New South Wales SES operational update on floods
The SES has had 249 statewide requests for assistance, and made five flood rescues.
Today the SES will be focusing on these areas: the Lachlan River (Eugowra, Forbes, Condobilin and Euabalong); the Murrumbidgee River (Hay); the Namoi River (Wee Waa); the Macquarie River (Warren); and the Murray River (Wentworth).
Major flooding to continue in NSW inland catchments
There is a flooding update from AAP about the situation in New South Wales’s central west where many towns are still facing inundation.
Major flooding will continue in NSW’s inland catchments today, despite much of the state being bathed in sunshine on Thursday, weather bureau senior meteorologist Dean Narramore said.
“It is extremely wet out there and many areas are experiencing major flooding right now, even though the sun is shining,” he said.
The central west towns of Condoblin and Euabalong are now bracing for the worst after the Lachlan River reached 1.7 metres upstream at Forbes, just a fraction below the 1.8 metres peak recorded in 1952.
The prime minister, Anthony Albanese, is in Bangkok (Murph will bring you more on the trip very soon) where he had a meeting with French president, Emmanuel Macron.
The meeting was described as “warm” – it helps when the guy who did you out of a multibillion-dollar submarine contract is no longer there.
Macron was not shy about bringing up Scott Morrison, accusing the former prime minister of stoking “nuclear confrontation” with China over the deal.
He spoke to reporters ahead of the Apec summit, AAP reports, about why the French deal had been chosen and what Morrison’s decision meant (at least in his view):
Australia will maintain the submarines themselves, and it is not confrontational to China because they are not nuclear-powered submarines.
But the choice made by [former] prime minister Morrison was the opposite, re-entering into nuclear confrontation.
Macron said the Aukus deal made Australia “completely dependent” on other nations. France still has an offer “on the table” to help Australia build diesel-powered submarines.
Albanese was less forthcoming, telling reporters:
We spoke about how we could have an increased engagement and cooperation in defence and security matters and I look forward to that.
Good morning, Amy Remeikis here to take you through the morning. Thank you to Martin for starting us off.
The federal government is promising an early childhood summit in the vein of the successful jobs and skills summit, as part of a new strategy for young children to be informed by a diverse group of experts including Yellow Wiggle Emma Watkins and former South Australian premier Jay Weatherill.
The social services minister, Amanda Rishworth, and the early childhood minister, Anne Aly, will announce the new Early Years Strategy today, bringing work done by departments including education, social services, health and the National Indigenous Australians Agency into one coordinated plan.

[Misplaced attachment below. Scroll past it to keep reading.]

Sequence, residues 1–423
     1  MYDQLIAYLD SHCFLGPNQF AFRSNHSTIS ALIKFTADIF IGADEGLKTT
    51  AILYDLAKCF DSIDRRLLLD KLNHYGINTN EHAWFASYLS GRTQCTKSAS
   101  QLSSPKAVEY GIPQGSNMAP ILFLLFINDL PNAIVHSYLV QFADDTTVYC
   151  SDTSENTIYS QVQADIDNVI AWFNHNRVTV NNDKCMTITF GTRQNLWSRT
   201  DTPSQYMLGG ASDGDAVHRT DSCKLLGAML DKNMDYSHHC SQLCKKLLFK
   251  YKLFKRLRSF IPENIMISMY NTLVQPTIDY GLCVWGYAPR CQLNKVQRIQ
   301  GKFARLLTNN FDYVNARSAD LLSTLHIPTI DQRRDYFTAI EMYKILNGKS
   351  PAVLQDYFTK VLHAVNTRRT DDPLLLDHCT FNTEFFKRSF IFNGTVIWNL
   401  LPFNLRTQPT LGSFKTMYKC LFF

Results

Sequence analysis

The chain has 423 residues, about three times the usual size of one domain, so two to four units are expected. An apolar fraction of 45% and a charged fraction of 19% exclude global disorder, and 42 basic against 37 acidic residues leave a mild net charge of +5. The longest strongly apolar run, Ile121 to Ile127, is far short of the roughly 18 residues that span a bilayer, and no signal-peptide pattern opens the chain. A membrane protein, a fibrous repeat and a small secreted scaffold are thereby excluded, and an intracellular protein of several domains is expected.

“Without a coordinated approach across government, there is a lack of ultimate responsibility and accountability for the wellbeing, education and development of Australia’s children,” Rishworth said in a statement.
The strategy will also see the launch of a “major” national early years summit in Parliament House on 17 February next year, which the government says will be similar to the jobs and skills summit held in September.
Those aforementioned departments will be involved, as will treasury and the prime minister’s department, with 100 stakeholders including industry experts, sector leaders and families to meet for the summit.
“It’s time we ended the isolated policy approach and leverage the mountain of evidence that exists to best support our children,” Rishworth said.
“Our national summit in particular will help start a conversation on how to best support Australia’s children and their families in the early years.”
Consultation on the strategy will begin in January 2023, with public submissions open until April. The strategy will be informed by an advisory panel including Weatherill, national children’s commissioner Anne Hollonds, and Watkins, the former Yellow Wiggle.
New South Wales faces “months of floods” thanks to the La Niña weather pattern that has had the east coast of Australia in its wet grip for the past two and more years, according to the state’s SES boss.
SES commissioner Carlene York told the Sydney Morning Herald: “We’ll be in floods for months.”
“Even if it doesn’t rain there will be floods until after Christmas,” York said. “This is the biggest flood event the NSW SES has ever faced.”
Hundreds of residents in the state’s central west are still facing chaos as the worst flooding ever recorded in the region continues to wreak havoc.
Here are some pictures of the devastation:
Good morning and welcome to our live blog. Amy Remeikis will be here shortly to helm the day but in the meantime here are some of the main stories making news today.
A Dutch court has found three men guilty of the murder of 298 people – including 38 Australians – on board flight MH17, which was shot down by a Russian surface-to-air missile when it was flying over eastern Ukraine in 2014. The court handed down sentences of life imprisonment to Russian nationals Igor Girkin and Sergey Dubinskiy and Ukrainian Leonid Kharchenko, after finding them guilty of bringing down the plane and the murder of everyone on board. Several relatives of the Australian victims were in court to hear the verdicts and some also heard their impact statements read out to the court.
Albanese’s latest summitry in Thailand will make news today, along with his social services minister, Amanda Rishworth, who is announcing the government’s new early years strategy for young children. The funeral of Cassius Turvey, the Indigenous teenager allegedly murdered on his way home from school in Perth, will be held today.